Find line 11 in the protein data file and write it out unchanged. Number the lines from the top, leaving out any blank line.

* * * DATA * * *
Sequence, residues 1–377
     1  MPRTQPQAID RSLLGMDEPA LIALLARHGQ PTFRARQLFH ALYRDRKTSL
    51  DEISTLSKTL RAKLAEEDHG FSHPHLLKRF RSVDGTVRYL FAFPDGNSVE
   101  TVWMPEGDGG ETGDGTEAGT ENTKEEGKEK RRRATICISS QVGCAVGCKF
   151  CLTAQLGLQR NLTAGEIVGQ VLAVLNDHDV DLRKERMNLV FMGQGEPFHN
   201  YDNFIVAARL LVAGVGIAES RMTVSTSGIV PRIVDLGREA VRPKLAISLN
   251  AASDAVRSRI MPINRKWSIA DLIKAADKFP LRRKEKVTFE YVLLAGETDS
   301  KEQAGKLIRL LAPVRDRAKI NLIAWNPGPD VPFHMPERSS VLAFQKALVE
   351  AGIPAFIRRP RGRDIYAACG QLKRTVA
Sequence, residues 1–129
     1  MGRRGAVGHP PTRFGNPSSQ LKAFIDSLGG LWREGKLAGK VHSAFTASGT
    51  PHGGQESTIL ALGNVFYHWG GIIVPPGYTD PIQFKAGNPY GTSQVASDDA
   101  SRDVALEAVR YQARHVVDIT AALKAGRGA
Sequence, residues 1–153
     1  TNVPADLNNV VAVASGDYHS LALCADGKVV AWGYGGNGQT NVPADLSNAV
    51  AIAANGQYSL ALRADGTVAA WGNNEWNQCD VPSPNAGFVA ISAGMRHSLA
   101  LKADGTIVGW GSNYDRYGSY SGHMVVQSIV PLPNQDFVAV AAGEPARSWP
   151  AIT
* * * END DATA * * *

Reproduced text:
     1  MGRRGAVGHP PTRFGNPSSQ LKAFIDSLGG LWREGKLAGK VHSAFTASGT